Gas giants in a nearby star system “played billiards”

Scientists have discovered a second planet around a nearby star HD 83443, which is located not far from us. They came to the conclusion that in the past, gravitational interaction between gas giants could have occurred in this system, changing their orbits.

The gas giants could “play billiards.” Source:

Second planet in the HD 83443 system

Astronomers from the University of Southern Queensland in Australia have discovered a second planet around a nearby star HD 83443. It is located at a distance of 133 light years away from us, and by the standards of the Galaxy it is relatively close. For the discovery, astronomers have been studying the radial velocity of the star for many years using several powerful telescopes.

HD 83443 is a relatively young orange dwarf of class K0, which has a mass comparable with the solar one. This is a relatively young star, which is 2.64 billion years old. Previously, it had already discovered a planet. This “hot Jupiter” with a mass of 42 percent of the mass of the largest planet in the solar system makes one orbit around the luminary in just three days.

The new planet HD 83443 c is also a gas giant with a mass one and a half times that of Jupiter. It orbits the star in a highly elongated orbit with an eccentricity of 0.76. One revolution around the luminary takes 22.6 years.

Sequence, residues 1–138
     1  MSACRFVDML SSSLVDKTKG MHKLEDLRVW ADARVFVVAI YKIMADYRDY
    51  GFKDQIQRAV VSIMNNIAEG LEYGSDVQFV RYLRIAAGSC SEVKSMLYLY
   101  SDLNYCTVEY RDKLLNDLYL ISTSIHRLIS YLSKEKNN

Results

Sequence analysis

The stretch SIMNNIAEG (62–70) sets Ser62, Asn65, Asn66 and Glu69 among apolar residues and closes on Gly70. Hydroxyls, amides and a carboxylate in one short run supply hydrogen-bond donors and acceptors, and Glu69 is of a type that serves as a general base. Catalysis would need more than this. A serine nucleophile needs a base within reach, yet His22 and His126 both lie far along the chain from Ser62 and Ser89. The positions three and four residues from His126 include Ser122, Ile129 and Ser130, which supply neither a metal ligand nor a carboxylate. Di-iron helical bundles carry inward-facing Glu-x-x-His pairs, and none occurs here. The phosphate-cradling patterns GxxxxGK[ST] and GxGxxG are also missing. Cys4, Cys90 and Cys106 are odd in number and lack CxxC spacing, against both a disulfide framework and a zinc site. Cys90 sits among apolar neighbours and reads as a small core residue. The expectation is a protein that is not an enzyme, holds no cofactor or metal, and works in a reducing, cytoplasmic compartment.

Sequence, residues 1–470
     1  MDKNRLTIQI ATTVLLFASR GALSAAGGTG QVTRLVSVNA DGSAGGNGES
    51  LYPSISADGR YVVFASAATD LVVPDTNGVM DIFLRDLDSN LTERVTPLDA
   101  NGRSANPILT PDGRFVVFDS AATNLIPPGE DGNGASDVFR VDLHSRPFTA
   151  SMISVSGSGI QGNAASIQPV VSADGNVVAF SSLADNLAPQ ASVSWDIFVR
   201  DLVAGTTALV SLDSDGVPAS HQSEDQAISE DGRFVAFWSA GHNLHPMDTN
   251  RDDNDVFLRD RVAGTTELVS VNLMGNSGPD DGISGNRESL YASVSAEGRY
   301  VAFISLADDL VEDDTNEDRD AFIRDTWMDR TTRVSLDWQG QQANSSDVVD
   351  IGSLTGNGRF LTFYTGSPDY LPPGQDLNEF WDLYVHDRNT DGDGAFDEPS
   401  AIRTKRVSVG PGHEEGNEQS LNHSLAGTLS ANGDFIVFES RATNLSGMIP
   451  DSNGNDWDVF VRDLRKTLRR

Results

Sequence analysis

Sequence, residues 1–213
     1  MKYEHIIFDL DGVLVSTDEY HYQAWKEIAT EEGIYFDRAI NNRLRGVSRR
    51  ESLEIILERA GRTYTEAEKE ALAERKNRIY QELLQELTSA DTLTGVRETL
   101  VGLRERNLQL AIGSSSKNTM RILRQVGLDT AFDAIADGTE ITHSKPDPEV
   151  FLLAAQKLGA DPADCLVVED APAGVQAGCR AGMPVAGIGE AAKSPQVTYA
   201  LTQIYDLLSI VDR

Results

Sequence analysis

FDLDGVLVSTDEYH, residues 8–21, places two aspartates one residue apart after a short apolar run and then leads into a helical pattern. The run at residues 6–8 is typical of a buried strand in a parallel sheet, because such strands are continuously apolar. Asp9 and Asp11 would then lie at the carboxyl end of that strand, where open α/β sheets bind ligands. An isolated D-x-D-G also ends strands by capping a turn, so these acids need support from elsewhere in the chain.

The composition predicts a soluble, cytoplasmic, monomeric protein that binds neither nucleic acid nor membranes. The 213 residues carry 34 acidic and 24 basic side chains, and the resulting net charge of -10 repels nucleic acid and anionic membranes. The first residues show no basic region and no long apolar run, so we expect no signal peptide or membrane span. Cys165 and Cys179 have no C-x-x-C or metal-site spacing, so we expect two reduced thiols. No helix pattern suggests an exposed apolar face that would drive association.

Could gas giants have interacted in the past

HD 83443 is a fairly rare system where there is a “hot Jupiter” and a gas giant in an eccentric orbit nearby. Moreover, the characteristics of both planets are well-defined. And this led researchers to believe that in the past, a game of giant “space billiards” could take place in the system.

It’s because according to the current theory of planet formation, gas giants are not born either close to a star or in eccentric orbits. According to the authors of the research, the presence of planets in the same system indicates that in the past their orbits intersected and gravity threw them to where they are now. 

Even more, scientists suspect that a third gas giant with a mass of 40 percent of Jupiter could also participate in the collision, but now this is only an assumption. As for HD 83443 c, scientists hope to get images of it in the future with the help of new powerful telescopes, as happened for the β Pictoris system.

According to